SECOND MURDERER
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I would speak with Clarence, and I I would speak with Clarence, and IR3 I.iv.87
came hither on my Legges.came hither on my legs.R3 I.iv.88
What, shall we stab him as he sleepes.What? Shall I stab him as he sleeps?R3 I.iv.101
Why he shall neuer wake, Why, he shall never wake until theR3 I.iv.104
vntill the great Iudgement day.great Judgement Day.R3 I.iv.105
The vrging of that word Iudgement, The urging of that word judgementR3 I.iv.108
hath bred a kinde of remorse in me.hath bred a kind of remorse in me.R3 I.iv.109
Not to kill him, hauing a Warrant,Not to kill him, having a warrant,R3 I.iv.111
But to be damn'd for killing him, from the which / No but to be damned for killing him, from the which noR3 I.iv.112
Warrant can defend me.warrant can defend me.R3 I.iv.113
So I am, to let him liue.So I am – to let him live.R3 I.iv.115
Nay, I prythee stay a little: / I hope Nay, I pray thee stay a little. I hopeR3 I.iv.118
this passionate humor of mine, will change, / It was wont this passionate humour of mine will change. It was wontR3 I.iv.119
to hold me but while one tels twenty.to hold me but while one tells twenty.R3 I.iv.120
Some certaine dregges of conscience Faith, some certain dregs of conscienceR3 I.iv.122
are yet within mee.are yet within me.R3 I.iv.123
Come, he dies: I had forgot the Zounds, he dies! I had forgot theR3 I.iv.126
Reward.reward.R3 I.iv.127
O, in the Duke of Glousters purse.O, in the Duke of Gloucester'sR3 I.iv.129
purse.R3 I.iv.130
'Tis no matter, let it goe: There's 'Tis no matter; let it go. There'sR3 I.iv.133
few or none / will entertaine it.few or none will entertain it.R3 I.iv.134
Ile not meddle with it, it makes a I'll not meddle with it; it makes aR3 I.iv.136
man a Coward: A man cannot steale, but it accuseth him: man a coward. A man cannot steal, but it accuseth him;R3 I.iv.137
A man cannot Sweare, but it Checkes him: A man cannot lye a man cannot swear, but it checks him; a man cannot lieR3 I.iv.138
with his Neighbours Wife, but it detects him. 'Tis a with his neighbour's wife, but it detects him. 'Tis aR3 I.iv.139
blushing shamefac'd spirit, that mutinies in a mans blushing shamefaced spirit that mutinies in a man'sR3 I.iv.140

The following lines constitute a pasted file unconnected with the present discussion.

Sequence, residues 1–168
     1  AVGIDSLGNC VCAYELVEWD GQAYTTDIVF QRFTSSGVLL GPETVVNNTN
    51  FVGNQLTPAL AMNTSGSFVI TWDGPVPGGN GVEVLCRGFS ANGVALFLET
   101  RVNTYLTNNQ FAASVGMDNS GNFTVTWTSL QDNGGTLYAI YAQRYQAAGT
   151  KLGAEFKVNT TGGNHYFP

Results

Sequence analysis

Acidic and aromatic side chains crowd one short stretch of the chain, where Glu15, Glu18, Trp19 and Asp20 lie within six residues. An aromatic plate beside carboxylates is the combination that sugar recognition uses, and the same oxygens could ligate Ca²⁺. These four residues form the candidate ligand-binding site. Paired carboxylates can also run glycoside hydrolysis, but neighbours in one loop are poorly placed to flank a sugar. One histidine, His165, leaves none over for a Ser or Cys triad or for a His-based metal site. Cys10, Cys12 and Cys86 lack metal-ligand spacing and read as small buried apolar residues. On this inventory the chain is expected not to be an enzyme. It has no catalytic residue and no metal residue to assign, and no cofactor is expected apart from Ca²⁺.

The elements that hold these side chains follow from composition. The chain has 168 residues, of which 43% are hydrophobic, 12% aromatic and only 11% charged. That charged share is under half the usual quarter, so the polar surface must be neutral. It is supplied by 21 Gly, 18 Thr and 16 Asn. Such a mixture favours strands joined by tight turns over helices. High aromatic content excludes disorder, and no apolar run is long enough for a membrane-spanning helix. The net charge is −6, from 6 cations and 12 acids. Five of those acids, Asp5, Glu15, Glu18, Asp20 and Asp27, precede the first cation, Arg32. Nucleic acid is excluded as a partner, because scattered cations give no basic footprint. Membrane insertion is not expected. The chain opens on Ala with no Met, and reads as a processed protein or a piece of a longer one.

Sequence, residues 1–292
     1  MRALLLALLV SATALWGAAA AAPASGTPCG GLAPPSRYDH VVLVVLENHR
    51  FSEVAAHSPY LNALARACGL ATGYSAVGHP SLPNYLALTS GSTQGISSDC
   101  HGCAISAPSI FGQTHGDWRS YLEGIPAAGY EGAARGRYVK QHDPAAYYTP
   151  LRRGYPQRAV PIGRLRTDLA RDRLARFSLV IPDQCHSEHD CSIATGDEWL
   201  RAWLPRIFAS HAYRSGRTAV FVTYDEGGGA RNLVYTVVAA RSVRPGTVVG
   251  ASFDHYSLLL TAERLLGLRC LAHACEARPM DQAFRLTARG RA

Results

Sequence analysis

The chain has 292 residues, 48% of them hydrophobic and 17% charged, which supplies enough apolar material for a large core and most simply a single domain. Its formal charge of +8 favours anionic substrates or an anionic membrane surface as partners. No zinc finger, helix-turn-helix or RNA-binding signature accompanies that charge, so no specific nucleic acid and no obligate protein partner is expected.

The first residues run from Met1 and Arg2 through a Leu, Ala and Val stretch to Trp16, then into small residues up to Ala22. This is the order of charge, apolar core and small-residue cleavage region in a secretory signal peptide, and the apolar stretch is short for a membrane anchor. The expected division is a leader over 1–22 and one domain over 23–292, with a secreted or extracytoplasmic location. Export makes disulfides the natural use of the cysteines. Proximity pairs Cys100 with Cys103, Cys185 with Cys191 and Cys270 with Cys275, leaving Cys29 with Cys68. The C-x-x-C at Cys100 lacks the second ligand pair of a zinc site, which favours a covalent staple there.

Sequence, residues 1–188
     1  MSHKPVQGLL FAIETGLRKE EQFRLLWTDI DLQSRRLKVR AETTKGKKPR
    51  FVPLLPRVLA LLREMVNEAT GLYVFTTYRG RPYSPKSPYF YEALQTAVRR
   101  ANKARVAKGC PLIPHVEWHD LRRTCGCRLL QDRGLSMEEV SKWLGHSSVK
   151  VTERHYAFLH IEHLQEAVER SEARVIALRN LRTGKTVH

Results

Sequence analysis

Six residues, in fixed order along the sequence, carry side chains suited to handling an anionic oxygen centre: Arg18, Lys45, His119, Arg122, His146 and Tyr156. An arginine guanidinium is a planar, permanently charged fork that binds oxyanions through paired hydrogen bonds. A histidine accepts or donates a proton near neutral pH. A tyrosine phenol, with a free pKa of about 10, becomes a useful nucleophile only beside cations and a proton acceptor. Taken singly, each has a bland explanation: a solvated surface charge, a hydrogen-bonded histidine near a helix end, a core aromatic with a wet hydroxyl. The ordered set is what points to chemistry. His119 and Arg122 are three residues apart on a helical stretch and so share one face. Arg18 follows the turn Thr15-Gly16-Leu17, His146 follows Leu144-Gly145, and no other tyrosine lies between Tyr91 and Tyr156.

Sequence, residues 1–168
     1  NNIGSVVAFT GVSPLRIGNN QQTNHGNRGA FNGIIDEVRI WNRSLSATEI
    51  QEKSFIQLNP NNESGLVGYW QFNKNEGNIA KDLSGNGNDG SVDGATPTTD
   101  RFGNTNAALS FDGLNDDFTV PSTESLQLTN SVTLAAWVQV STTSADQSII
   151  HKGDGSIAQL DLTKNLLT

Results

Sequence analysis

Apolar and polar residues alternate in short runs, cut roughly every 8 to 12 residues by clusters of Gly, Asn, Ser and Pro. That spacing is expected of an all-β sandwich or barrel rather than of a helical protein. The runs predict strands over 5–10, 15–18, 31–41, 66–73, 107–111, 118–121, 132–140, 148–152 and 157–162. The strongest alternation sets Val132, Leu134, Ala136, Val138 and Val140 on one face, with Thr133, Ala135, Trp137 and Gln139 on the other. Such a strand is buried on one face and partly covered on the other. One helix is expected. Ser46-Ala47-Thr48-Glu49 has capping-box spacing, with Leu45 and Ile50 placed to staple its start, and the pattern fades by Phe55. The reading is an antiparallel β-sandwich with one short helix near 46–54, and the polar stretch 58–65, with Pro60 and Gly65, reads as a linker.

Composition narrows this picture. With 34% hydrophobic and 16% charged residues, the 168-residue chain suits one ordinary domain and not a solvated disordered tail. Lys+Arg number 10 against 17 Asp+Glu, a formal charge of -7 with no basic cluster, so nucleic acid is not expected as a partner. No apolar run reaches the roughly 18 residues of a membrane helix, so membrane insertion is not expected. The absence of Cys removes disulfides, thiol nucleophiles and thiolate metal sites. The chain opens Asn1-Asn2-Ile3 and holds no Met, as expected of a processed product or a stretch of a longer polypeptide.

bosome: It filles a man full of Obstacles. It made me once bosom. It fills a man full of obstacles. It made me onceR3 I.iv.141
restore a Pursse of Gold that (by chance) I found: It beggars restore a purse of gold that by chance I found. It beggarsR3 I.iv.142
any man that keepes it: It is turn'd out of Townes and any man that keeps it. It is turned out of all towns andR3 I.iv.143
Citties for a dangerous thing, and euery man that means cities for a dangerous thing, and every man that meansR3 I.iv.144
to liue well, endeuours to trust to himselfe, and liue to live well endeavours to trust to himself and to liveR3 I.iv.145
without it.without it.R3 I.iv.146
Take the diuell in thy minde, and Take the devil in thy mind – andR3 I.iv.149
beleeue him not: / He would insinuate with thee but to believe him not. He would insinuate with thee but toR3 I.iv.150
make thee sigh.make thee sigh.R3 I.iv.151
Spoke like a tall man, that respects Spoke like a tall man that respectsR3 I.iv.154
thy reputation. / Come, shall we fall to worke?thy reputation. Come, shall we fall to work?R3 I.iv.155
O excellent deuice; and make a sop O excellent device! And make a sopR3 I.iv.159
of him.of him.R3 I.iv.160
Strike.Strike!R3 I.iv.162
You shall haue Wine enough my Lord anon.You shall have wine enough, my lord, anon.R3 I.iv.165
Nor you as we are, Loyall.Nor you as we are, loyal.R3 I.iv.169
To, to, to---To, to, to – R3 I.iv.175
Both. FIRST and SECOND MURDERER
I, I.Ay, ay.R3 I.iv.177
Neuer my Lord, therefore prepare to dye.Never, my lord; therefore prepare to die.R3 I.iv.183
And he that hath commanded, is our King.And he that hath commanded is our king.R3 I.iv.197
And that same Vengeance doth he hurle on thee,And that same vengeance doth he hurl on theeR3 I.iv.204
For false Forswearing, and for murther too:For false forswearing and for murder too:R3 I.iv.205
Thou did'st receiue the Sacrament, to fightThou didst receive the sacrament to fightR3 I.iv.206
In quarrell of the House of Lancaster.In quarrel of the house of Lancaster.R3 I.iv.207
Whom thou was't sworne to cherish and defend.Whom thou wast sworn to cherish and defend.R3 I.iv.211
You are deceiu'd, / Your Brother Glouster hates you.You are deceived. Your brother Gloucester hates you.R3 I.iv.235
Make peace with God, for you must die my Lord.Make peace with God, for you must die, my lord.R3 I.iv.252
What shall we do?What shall we do?R3 I.iv.259.1
Looke behinde you, my Lord.Look behind you, my lord!R3 I.iv.271
A bloody deed, and desperately dispatcht:A bloody deed, and desperately dispatched!R3 I.iv.274
How faine (like Pilate) would I wash my handsHow fain, like Pilate, would I wash my handsR3 I.iv.275
Of this most greeuous murther. Of this most grievous murder!R3 I.iv.276
I would he knew that I had sau'd his brother,I would he knew that I had saved his brother!R3 I.iv.279
Take thou the Fee, and tell him what I say,Take thou the fee and tell him what I say,R3 I.iv.280
For I repent me that the Duke is slaine. For I repent me that the Duke is slain.R3 I.iv.281
SHAKESPEARE'S WORDS © 2018 DAVID CRYSTAL & BEN CRYSTAL